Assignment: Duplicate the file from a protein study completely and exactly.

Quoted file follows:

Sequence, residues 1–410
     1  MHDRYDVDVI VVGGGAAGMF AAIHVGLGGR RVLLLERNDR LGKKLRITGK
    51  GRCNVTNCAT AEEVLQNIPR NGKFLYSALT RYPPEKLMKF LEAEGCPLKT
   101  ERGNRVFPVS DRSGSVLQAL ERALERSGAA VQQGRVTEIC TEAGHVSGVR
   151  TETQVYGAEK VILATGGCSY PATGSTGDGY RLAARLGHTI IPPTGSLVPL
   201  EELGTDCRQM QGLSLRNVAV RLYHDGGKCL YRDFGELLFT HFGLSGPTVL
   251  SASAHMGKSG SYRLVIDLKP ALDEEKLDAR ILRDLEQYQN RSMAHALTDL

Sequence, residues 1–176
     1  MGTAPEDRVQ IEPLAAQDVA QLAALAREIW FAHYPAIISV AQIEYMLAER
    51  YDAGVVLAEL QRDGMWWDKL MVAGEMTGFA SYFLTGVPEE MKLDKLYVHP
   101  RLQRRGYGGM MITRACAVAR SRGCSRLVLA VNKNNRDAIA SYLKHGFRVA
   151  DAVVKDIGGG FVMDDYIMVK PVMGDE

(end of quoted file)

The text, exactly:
Sequence, residues 1–410
     1  MHDRYDVDVI VVGGGAAGMF AAIHVGLGGR RVLLLERNDR LGKKLRITGK
    51  GRCNVTNCAT AEEVLQNIPR NGKFLYSALT RYPPEKLMKF LEAEGCPLKT
   101  ERGNRVFPVS DRSGSVLQAL ERALERSGAA VQQGRVTEIC TEAGHVSGVR
   151  TETQVYGAEK VILATGGCSY PATGSTGDGY RLAARLGHTI IPPTGSLVPL
   201  EELGTDCRQM QGLSLRNVAV RLYHDGGKCL YRDFGELLFT HFGLSGPTVL
   251  SASAHMGKSG SYRLVIDLKP ALDEEKLDAR ILRDLEQYQN RSMAHALTDL

Sequence, residues 1–176
     1  MGTAPEDRVQ IEPLAAQDVA QLAALAREIW FAHYPAIISV AQIEYMLAER
    51  YDAGVVLAEL QRDGMWWDKL MVAGEMTGFA SYFLTGVPEE MKLDKLYVHP
   101  RLQRRGYGGM MITRACAVAR SRGCSRLVLA VNKNNRDAIA SYLKHGFRVA
   151  DAVVKDIGGG FVMDDYIMVK PVMGDE